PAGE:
In the Arena

Here we are again. The beginning of a new year and a time when good intentions and famous motivational quotes get dusted off and pulled out of the recesses of our minds to be put on display on our lips and the front of our t-shirts. We start new diaries and tell ourselves the same stories that we are telling everyone else. “This is the year.” “This year I’m going to do . . .” Then, come January 15th, or if we’re really ambitious, mid February and the quotes are put back in their rightful place among the dark, undusted, cobwebby shelves in our minds and are promptly replaced with excuses.

Such would-be business wizards as Bruce Judson in books like Go it Alone tell us just that – Go it alone. Hence the subtitle, The Secret of Building a Successful Business on Your Own. Those of us with entrepreneurial aspirations and inclinations get excited when we read such titles because it tells us that we already have what we need to be successful and to do something different. The only problem is, once the book is read and placed back on the shelf, the same things remain as before – questions marks and excuses.
In the church, it is not only in our theology and soteriology that we have become individualists, but also in our aspirations. If I can do it alone, I do not have to rely on others. This is where one of my favorite examples comes in. Imagine you want to make money flipping houses. I’m sure everyone is familiar with the term by now although those who have been doing it for a while loathe the term. Nonetheless, the idea is the same regardless of what one calls it: buy a house well under market value, rehab it, and resell it.
Ok, so, you have your house purchased and some money set aside for fixing it up. Here’s the question – do you fix it up yourself or do you hire someone else to do it? Most who are handy would say that the answer is obvious. Do the work yourself so that you can save the money on labor and make more profit. But is this really the right answer if your goal is to make money? If a side project to keep you busy after retirement is the object, then it’s the perfect answer. If you are looking to make money, however, you would definitely not want to do the work yourself. Sounds like a contradiction, doesn’t it? But it’s not.
The faster the house gets to market, the faster you can turn a profit. But how fast can you really get the work done by yourself? Ok, you’re decent with carpentry, but maybe a mediocre plumber or electrician at best? If someone else can do the job better, why not let them? If they can get the work done faster, that’s that much faster that you will not only get money in your pocket, but even get to start on another house – or if you’re really wanting to make money – have a couple of houses going at the same time.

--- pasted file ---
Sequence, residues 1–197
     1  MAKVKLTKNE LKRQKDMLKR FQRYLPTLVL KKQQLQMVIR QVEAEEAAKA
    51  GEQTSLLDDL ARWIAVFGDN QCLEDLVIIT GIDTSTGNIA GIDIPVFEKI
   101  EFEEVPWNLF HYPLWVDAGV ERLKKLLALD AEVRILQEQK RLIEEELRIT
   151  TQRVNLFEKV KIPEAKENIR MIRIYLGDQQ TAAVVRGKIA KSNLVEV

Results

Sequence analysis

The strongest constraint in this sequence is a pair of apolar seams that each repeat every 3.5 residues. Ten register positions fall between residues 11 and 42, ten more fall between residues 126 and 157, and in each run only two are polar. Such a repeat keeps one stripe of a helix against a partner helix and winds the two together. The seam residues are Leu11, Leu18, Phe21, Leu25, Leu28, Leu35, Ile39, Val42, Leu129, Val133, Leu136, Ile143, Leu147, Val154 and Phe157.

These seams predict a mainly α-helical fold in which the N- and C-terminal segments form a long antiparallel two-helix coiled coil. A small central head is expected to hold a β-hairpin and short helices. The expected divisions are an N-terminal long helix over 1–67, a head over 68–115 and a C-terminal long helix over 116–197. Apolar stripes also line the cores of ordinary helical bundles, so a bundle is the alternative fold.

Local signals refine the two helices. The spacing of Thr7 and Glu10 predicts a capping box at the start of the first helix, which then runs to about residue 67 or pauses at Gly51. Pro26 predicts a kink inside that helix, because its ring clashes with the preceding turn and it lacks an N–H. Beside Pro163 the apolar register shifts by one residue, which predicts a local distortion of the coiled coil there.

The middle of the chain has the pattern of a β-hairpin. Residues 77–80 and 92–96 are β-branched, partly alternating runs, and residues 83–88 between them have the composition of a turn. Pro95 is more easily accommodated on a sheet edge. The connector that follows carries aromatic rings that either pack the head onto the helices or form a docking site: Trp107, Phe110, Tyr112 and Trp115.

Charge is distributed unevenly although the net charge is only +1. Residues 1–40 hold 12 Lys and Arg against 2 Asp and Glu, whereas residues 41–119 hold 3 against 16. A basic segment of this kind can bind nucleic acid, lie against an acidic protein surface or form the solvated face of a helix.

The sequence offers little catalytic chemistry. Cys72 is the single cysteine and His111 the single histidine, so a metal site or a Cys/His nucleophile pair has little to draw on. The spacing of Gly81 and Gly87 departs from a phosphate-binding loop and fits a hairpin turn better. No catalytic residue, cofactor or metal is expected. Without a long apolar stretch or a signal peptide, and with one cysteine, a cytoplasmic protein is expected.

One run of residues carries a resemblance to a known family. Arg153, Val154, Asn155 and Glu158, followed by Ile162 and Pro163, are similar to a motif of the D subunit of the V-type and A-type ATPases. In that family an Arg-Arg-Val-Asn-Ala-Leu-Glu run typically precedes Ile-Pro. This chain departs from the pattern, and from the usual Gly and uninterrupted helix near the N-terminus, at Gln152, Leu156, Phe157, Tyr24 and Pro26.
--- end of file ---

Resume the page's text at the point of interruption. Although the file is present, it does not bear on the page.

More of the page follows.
Ok, ok, I’ll get to the point. There are ambitions that come out this time of year and ideas about how to achieve them. When we realize that the work is insurmountable for ourselves we set it aside only to be reminded again when we set the next year’s resolutions. This time, we actually have to start. After all, if nothing ever makes it past the idea stage, that’s all it will ever be – just another good idea. We know that we cannot change the world alone, but together, we can do great things. I think this is why Margaret Mead said “A small group of thoughtful people could change the world. Indeed, it’s the only thing that ever has.” People. It’s what we need, what we have, and who we need to help. At IUCC that’s the business we’re in. Throw in some people from the community to team with us and let your imagine run wild for the amazing things that we can accomplish.
Since this is the season of cool quotes, I’ll leave you with one that you may have heard from me before:
It is not the critic who counts: not the man who points out how the strong man stumbles or where the doer of deeds could have done better. The credit belongs to the [person] who is actually in the arena, whose face is marred by dust and sweat and blood, who strives valiantly, who errs and comes up short again and again, because there is no effort without error or shortcoming, but who knows the great enthusiasms, the great devotions, who spends [him or herself] for a worthy cause; who, at the best, knows, in the end, the triumph of high achievement, and who, at the worst, if he fails, at least he fails while daring greatly, so that his/her place shall never be with those cold and timid souls who knew neither victory nor defeat.    – Teddy Roosevelt
See you in the arena.

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